Today we visited Obalende, Lagos and engaged female leaders in the community.
Women manage the home, prepare food for their families, and are usually the ones that take care of sick children and husbands. So changing and improving hygiene and sanitation habits in homes and communities starts with them. Also, engaging female leaders in the community ensured that our teachings and messages would have greater impact as these women are well respected and influential.
Apart from being a crowded and highly congested area (at great risk of outbreaks), the first Ebola patient in Nigeria – the man who landed in Lagos from Monrovia, Liberia – ended up in a hospital in Obalende where Dr. Adadevoh worked. So people in this community are very aware of infectious diseases and how scary outbreaks can be. However, since there’s no Ebola in Nigeria right now, for the most part, they’ve stopped doing the important health and hygiene behaviors that can reduce the spread of diseases (handwashing, keeping your home clean, etc). Since there’s a meningitis outbreak in Nigeria right now, we came to remind them.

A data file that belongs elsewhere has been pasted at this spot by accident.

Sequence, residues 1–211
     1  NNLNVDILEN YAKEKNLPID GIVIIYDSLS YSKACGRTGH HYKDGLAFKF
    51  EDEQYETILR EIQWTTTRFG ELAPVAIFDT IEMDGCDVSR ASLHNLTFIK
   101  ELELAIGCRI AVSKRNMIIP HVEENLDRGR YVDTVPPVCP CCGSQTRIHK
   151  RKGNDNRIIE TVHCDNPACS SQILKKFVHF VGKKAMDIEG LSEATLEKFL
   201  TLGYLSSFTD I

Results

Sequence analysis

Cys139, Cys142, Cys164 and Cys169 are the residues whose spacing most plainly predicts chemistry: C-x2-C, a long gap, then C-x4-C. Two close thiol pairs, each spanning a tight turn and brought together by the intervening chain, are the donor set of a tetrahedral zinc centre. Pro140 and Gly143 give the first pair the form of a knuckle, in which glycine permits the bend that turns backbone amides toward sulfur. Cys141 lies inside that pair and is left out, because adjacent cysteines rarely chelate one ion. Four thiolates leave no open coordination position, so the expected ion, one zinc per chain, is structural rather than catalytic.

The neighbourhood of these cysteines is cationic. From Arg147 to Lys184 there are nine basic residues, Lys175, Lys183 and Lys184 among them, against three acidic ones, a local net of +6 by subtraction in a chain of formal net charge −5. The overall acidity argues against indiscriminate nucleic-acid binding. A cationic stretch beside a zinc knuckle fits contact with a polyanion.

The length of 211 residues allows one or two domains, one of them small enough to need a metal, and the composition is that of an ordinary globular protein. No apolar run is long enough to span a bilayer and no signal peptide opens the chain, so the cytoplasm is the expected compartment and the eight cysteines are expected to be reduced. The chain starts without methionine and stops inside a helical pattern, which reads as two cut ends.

We started by finding out what they knew about meningitis and the outbreak. Turns out there were quite a few misconceptions from some of them thinking sneezing was a symptom to others believing that heat caused meningitis.
After sharing the correct information with them, we played a few games including hygiene trivia and a contest to see which team could wash their hands properly. We gave out DRASA t-shirts as prizes to the winners.
The women enjoyed our discussion so much they even brought some of their children out to join us so we included them in the session!
And thanks to our partners at Kleanmate, we were able to provide each woman with soap so they can start practicing what we preached.
Click below to view more pictures from the visit.